5 Health Benefits of Honey, According to a Nutritionist

All the ways honey can make your healthier, how to select the best kind, and creative ways to add honey to meals, drinks, and snacks.

By Cynthia Sass, MPH, RD

That’s exciting, since honey is an all natural, readily available, relatively affordable option for most households. Here’s a look at the research on the health-protective powers of honey, how to shop for the best varieties, and ways to incorporate this sweetener into meals, snacks, and drinks.

Honey may help treat upper

In a new paper in the journal BMJ Evidence-Based Medicine, Oxford University researchers looked at 14 previously published studies related to the effectiveness of honey for the relief of URI symptoms. They found that compared to usual treatments (like over-the-counter meds and antibiotics), honey improved both cough frequency and severity, it and may serve as an inexpensive alternative to antibiotics

Older research shows that consuming high antioxidant honey indeed raises blood antioxidant levels, and that replacing processed sugar with honey may help boost antioxidant defenses in healthy adults. The study’s authors conclude that further controlled trials are needed. But the analysis was prompted by concern over antimicrobial resistance, which is linked in part to overprescribing antibiotics for URIs. The Centers for Disease Control and Prevention has named antibiotic resistance one of the world's most pressing public health concerns, and another 2017 study found that honey may hold the key. University of Illinois at Chicago scientists discovered that an antimicrobial compound made by honeybees could become the basis for new antibiotics.

Honey may help fight metabolic syndrome

A 2018 paper published in the journal Nutrients reviewed the protective effects of honey for metabolic syndrome (MetS), a cluster of specific risk factors found in a third of US adults. To be diagnosed with MetS, you must have at least three of five conditions: a large waistline (over 35 inches for women and over 40 inches for men); high blood pressure; a high level of harmful triglycerides in the blood; low "good" HDL cholesterol; and high blood sugar.

In the paper, researchers lay out reasons why honey may help improve these conditions. First, honey has a low glycemic index, so it doesn’t trigger a spike in blood sugar and insulin levels, and it helps enhance insulin sensitivity. Honey has also been shown to prevent excessive weight gain and improve lipid metabolism by reducing triglycerides as well as total cholesterol and “bad” LDL cholesterol, while increasing “good” HDL.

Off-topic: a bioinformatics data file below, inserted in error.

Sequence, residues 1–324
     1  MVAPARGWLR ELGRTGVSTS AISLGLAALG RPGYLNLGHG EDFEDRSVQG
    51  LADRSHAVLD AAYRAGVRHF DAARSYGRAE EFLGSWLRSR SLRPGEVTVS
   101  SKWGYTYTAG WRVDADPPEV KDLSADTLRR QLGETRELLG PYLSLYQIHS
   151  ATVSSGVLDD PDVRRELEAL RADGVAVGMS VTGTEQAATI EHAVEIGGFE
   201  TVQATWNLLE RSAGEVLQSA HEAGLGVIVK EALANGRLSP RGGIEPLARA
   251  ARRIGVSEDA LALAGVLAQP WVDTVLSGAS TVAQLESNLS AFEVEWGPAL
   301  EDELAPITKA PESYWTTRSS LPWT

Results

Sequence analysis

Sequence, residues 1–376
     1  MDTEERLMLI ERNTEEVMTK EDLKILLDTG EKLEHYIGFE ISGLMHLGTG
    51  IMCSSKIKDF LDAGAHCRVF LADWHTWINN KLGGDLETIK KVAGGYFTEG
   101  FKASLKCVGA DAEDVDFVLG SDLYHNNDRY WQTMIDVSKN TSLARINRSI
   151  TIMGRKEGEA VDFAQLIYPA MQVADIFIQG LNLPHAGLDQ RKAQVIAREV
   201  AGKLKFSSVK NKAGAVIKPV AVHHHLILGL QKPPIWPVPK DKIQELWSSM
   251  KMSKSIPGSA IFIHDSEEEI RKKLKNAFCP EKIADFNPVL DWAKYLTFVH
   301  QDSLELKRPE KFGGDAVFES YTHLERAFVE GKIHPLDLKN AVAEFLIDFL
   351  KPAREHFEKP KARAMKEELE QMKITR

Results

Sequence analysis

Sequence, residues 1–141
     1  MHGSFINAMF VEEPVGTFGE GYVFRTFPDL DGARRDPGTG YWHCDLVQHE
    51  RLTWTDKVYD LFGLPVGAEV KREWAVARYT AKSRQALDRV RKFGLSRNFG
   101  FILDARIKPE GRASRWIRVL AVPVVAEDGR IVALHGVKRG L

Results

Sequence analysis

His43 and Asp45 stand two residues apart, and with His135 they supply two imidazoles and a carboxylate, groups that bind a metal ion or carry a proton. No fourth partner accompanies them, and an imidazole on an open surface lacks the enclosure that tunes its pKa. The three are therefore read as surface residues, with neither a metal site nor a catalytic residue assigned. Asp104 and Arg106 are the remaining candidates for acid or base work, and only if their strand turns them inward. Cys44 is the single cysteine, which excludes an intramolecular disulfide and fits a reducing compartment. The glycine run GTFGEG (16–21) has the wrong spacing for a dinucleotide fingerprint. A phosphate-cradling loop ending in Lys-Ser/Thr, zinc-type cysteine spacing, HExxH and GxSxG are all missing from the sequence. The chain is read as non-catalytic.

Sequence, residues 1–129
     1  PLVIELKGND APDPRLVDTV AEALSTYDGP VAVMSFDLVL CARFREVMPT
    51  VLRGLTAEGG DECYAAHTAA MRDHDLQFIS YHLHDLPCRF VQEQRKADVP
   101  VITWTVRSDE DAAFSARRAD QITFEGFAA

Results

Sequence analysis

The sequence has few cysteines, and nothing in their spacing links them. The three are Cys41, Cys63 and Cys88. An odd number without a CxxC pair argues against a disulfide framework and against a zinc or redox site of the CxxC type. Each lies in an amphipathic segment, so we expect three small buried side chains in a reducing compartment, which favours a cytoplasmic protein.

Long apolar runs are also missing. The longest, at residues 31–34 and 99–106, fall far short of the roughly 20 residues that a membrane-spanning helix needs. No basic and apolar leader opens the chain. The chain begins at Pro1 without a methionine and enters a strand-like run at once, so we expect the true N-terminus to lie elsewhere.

Honey’s antioxidative properties also help to reduce oxidative stress, one of the central mechanisms in MetS. In a nutshell, oxidative stress is an imbalance between the production of cell-damaging free radicals and the body's ability to counter their harmful effects. For these reasons, researchers conclude that there is strong potential for honey to be integrated into the management of MetS, both preventatively and therapeutically.

Honey may help prevent artery hardening

Another recent paper about honey’s benefits explores its ability to combat artery hardening, a leading cause of death worldwide. Published in 2019, also in the journal Nutrients, the authors point out that honey contains over 180 substances—including natural sugars as well as a plethora of vitamins, minerals, and phytochemicals. Researchers conclude that the antioxidant and anti-inflammatory compounds in honey, in addition to its ability to counter oxidative stress, are the key factors responsible for its protective benefits.

Older research shows that consuming high antioxidant honey indeed raises blood antioxidant levels, and that replacing processed sugar with honey may help boost antioxidant defenses in healthy adults.

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